A Mi’kmaq community is scaling back plans for a lobster harvest in southwestern Nova Scotia next week after Ottawa threatened to pull traps that aren’t licensed by the Fisheries Department.
Sipekne’katik Chief Mike Sack told reporters Thursday that instead of pursuing a “moderate livelihood” fishery with up to 50 traps per boat, Indigenous fishers will begin the season with a smaller food, social and ceremonial fishery.
In a phone interview later in the day, he said the ceremonial fishery in St. Marys Bay would involve about “four or five” lobster traps a person on the boat, adding that the fishery is expected to expand later in the year.
On April 22, the band announced that about 20 boats would fish out of Saulnierville, N.S., beginning in June, despite warnings from the federal government the traps would be seized.
Mr. Sack says the scaled-down fishery is authorized under food, social and ceremonial licences from the Fisheries Department, which permit a small catch, provided the harvest is for food and ceremonies.
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The Chief, however, also says that fishers will be permitted by the band to sell a portion of their catch to pay for expenses.
He also said the band plans to increase the catch later in the summer when more supporters are able to travel safely to the wharf in Saulnierville.
“We are holding off our bigger [moderate livelihood] treaty fishery until we have a bigger fleet there and we’re allowed to have protection there,” he said. “It’s a scaled-back fishery because of the dangers that are out there.”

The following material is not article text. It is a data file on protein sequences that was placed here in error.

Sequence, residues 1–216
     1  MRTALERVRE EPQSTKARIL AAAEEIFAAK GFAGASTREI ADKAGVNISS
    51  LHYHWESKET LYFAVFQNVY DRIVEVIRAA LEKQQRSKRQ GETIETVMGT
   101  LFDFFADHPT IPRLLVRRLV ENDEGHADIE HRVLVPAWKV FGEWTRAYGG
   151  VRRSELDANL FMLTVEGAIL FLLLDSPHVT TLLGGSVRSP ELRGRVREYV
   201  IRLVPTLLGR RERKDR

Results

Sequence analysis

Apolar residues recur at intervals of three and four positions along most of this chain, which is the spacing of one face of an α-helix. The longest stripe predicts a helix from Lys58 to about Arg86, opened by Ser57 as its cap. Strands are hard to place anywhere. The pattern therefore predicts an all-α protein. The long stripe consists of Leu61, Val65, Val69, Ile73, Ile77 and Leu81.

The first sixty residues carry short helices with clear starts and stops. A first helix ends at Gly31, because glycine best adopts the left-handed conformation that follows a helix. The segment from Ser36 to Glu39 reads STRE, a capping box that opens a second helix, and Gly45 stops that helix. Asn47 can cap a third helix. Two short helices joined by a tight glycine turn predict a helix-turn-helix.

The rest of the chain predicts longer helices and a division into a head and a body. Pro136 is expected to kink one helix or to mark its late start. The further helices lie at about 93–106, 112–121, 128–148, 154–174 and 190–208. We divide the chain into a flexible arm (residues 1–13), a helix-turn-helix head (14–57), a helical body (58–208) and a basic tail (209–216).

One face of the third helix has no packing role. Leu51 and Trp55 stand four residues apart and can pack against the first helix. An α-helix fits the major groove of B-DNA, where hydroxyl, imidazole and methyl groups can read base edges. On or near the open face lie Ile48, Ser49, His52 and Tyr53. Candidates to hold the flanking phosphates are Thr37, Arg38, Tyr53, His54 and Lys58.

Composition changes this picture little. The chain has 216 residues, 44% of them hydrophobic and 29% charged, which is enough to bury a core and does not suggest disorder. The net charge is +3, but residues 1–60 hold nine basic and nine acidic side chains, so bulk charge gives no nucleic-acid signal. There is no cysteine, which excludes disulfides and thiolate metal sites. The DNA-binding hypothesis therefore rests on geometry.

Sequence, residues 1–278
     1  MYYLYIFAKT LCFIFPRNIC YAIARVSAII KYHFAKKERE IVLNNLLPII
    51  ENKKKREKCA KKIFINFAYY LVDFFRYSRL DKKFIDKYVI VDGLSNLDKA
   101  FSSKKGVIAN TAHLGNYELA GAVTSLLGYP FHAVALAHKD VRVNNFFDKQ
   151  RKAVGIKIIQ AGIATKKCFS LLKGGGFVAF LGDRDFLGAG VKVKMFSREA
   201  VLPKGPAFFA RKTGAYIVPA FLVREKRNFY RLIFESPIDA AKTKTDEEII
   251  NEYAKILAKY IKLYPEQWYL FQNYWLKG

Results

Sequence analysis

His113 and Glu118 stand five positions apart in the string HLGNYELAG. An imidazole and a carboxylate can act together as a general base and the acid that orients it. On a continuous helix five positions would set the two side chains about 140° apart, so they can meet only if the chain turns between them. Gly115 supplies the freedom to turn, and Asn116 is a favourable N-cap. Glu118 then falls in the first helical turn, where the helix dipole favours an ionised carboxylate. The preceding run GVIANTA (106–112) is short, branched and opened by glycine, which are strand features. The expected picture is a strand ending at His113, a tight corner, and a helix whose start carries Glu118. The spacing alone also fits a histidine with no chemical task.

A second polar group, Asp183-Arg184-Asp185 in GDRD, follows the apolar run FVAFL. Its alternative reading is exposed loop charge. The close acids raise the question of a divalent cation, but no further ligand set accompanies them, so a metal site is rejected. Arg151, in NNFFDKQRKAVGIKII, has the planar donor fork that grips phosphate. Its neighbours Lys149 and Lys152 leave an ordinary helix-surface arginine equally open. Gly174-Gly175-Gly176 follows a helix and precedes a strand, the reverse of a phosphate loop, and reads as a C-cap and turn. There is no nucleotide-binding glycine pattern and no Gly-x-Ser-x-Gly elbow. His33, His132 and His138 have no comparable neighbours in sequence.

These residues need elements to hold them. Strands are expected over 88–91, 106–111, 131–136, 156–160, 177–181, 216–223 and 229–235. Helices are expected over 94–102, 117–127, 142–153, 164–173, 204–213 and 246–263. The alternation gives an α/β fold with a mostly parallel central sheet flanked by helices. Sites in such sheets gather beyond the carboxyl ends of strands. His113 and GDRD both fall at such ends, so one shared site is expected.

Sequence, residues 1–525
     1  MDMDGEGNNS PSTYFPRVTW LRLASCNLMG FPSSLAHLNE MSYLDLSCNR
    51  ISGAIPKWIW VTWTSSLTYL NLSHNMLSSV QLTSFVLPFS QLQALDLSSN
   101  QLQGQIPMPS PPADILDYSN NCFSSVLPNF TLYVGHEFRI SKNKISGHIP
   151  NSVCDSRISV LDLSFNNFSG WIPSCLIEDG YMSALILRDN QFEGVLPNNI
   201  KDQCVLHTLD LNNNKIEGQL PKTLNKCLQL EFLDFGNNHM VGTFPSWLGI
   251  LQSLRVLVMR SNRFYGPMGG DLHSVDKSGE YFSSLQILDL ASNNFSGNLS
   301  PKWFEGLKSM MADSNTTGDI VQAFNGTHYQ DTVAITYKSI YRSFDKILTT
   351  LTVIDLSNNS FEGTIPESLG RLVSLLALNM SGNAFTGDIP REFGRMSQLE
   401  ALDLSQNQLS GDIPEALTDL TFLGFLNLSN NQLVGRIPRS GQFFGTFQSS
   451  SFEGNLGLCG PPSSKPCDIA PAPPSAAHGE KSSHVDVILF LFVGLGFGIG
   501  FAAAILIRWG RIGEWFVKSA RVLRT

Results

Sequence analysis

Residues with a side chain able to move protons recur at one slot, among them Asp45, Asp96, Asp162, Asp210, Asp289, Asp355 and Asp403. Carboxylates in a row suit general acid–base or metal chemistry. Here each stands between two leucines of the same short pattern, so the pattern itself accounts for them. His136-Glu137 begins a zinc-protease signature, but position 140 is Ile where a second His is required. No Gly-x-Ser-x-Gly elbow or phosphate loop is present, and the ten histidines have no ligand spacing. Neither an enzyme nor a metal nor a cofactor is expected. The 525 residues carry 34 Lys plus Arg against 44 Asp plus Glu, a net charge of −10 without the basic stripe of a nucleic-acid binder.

The Chief said that currently, the risks of COVID-19 mean a limited number of supporters are able to travel to Saulnierville from the First Nation north of Halifax.
Jane Deeks, an aide to federal Fisheries Minister Bernadette Jordan, said fishing under a food, social and ceremonial licence can be done outside federally regulated commercial seasons, but the catch cannot be sold. She said the department works closely with Indigenous communities “to ensure they are upholding the licence conditions, and we will continue to do so.”
Earlier in the day, Ms. Jordan had said enforcement officers would be out “doing their job” if the First Nation proceeded with plans to return to St. Marys Bay next week to resume its “moderate livelihood” fishery without federal licences. That comment came a few hours before the department returned about 100 previously seized traps to the band.
The Mi’kmaq First Nation has argued it has the right to fish for a moderate livelihood when and where members wish, based on a landmark 1999 Supreme Court decision. The court later clarified that ruling to say Ottawa could regulate the treaty right for conservation and other limited purposes.
Ms. Jordan also said during a news conference in Lunenburg, N.S., that non-Indigenous fishers shouldn’t consider “taking the law into their own hands” once Sipekne’katik First Nation resumes fishing off southwestern Nova Scotia.
After launching a self-governed fishery last fall, members of the band encountered violence from non-Indigenous residents, resulting in the destruction of a lobster pound and the burning of a band member’s van in southwestern Nova Scotia.
Since then, Ms. Jordan has noted her department has been unsuccessful in efforts to negotiate the distribution of commercial licences for Sipekne’katik within federally-regulated fishing seasons.
She confirmed Thursday that during talks, Ottawa had offered the band access to Lobster Fishing Area 35, south of St. Marys Bay, which is considered one of the best lobster grounds in the province, but the band rejected the offer.
Mr. Sack has said the area is difficult for his community’s fleet of smaller boats to navigate.
One veteran lobster licence broker in the Lower Wedgeport, N.S., area, Troy Doucette, said in an interview Thursday that recent sales of commercial licences in that area have ranged from $2.2-million to $2.60-million each.
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